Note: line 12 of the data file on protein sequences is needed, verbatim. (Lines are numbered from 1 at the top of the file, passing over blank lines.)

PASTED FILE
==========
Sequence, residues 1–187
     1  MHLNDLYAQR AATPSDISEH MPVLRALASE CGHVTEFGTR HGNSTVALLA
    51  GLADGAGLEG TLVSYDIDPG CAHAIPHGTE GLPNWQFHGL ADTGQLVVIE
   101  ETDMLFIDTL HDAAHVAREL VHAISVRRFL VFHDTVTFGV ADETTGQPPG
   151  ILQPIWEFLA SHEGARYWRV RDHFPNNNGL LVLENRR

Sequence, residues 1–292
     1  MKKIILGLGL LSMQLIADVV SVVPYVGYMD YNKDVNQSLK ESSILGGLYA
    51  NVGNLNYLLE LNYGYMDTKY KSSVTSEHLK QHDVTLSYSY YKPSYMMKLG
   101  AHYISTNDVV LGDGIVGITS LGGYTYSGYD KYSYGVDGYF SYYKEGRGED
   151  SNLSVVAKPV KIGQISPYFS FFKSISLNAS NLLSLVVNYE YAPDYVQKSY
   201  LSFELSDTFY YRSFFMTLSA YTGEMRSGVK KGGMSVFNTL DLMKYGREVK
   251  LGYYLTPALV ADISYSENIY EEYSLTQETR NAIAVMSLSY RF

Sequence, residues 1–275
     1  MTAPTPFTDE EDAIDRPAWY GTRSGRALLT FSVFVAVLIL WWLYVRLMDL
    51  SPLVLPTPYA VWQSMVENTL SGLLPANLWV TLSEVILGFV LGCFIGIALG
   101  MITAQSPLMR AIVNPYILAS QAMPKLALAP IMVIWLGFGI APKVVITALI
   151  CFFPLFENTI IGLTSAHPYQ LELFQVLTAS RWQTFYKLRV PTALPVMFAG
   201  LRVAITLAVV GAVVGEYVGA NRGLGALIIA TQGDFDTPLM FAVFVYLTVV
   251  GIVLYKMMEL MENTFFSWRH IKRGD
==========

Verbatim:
   251  LGYYLTPALV ADISYSENIY EEYSLTQETR NAIAVMSLSY RF